Q. I donated an object to the museum’s collection- why is it not currently on exhibit?
A. Very few collections items remain on permanent display in the museum. In fact, permanent display can cause serious and often irreparable damage to collections objects in the form of light damage and other environmental harm. Collections objects are much more stable in collections storage areas, where staff can ensure levels of light, temperature, and humidity are in appropriate levels to prevent damage. For this reason, collections staff rotate objects on and off display as much as possible.
Q. I think I found a meteorite. Can you authenticate it?
A. It is incredibly rare to find meteorites, especially in Ohio. To help you determine if you have a real meteorite, please follow this flow-chart to self-test the specimen: (Click Link Below)
If this self-test determines you might have a meteorite, please email collections@boonshoftmuseum.org with a photograph of the specimen or a request for an appointment.

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Curator’s Club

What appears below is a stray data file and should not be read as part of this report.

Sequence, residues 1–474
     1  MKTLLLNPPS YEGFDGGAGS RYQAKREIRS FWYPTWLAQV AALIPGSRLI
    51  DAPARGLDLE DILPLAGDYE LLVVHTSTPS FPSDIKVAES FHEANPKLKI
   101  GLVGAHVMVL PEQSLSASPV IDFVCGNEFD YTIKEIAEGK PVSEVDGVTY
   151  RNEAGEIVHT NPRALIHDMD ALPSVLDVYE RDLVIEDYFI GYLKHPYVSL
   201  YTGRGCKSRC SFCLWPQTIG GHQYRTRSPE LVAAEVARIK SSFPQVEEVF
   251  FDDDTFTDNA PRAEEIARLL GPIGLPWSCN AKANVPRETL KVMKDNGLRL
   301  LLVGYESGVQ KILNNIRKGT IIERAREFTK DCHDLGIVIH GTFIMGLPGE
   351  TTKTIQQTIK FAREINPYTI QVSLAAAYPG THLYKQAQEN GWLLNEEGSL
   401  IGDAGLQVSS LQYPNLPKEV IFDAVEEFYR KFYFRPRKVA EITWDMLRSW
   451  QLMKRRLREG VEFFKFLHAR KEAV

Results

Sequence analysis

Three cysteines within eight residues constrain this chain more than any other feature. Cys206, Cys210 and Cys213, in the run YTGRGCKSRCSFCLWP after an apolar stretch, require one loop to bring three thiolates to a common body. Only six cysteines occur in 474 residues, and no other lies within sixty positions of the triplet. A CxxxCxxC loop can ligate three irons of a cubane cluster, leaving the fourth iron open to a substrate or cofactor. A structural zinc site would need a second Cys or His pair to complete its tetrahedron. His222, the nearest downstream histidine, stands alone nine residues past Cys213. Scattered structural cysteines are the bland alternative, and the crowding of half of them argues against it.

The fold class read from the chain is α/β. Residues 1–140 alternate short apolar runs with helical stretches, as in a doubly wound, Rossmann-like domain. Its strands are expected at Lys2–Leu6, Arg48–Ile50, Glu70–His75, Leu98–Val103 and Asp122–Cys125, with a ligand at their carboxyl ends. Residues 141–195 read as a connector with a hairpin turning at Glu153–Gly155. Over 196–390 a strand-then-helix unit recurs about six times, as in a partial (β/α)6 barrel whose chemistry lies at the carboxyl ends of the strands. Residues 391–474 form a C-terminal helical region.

Joining the Curator’s Club is a wonderful way to support ongoing preservation efforts for the museum’s collection, including objects from our geology, biology, and anthropology departments.

Proceeds from each Curator’s Club donation go directly towards the preservation of collections objects, ensuring that these amazing pieces can be exhibited and enjoyed for years to come. With over 1.8 million objects, our collection serves as a unique educational tool for visitors, young and old, to learn more about the world around them.

Support our Collections!

Check out our Curator’s Club and Behind the Scenes Experiences!

All proceeds go directly towards the preservation of collections objects, ensuring that these amazing pieces can be exhibited and enjoyed for years to come. With over 1.8 million objects, our collection serves as a unique educational tool for visitors, young and old, to learn more about the world around them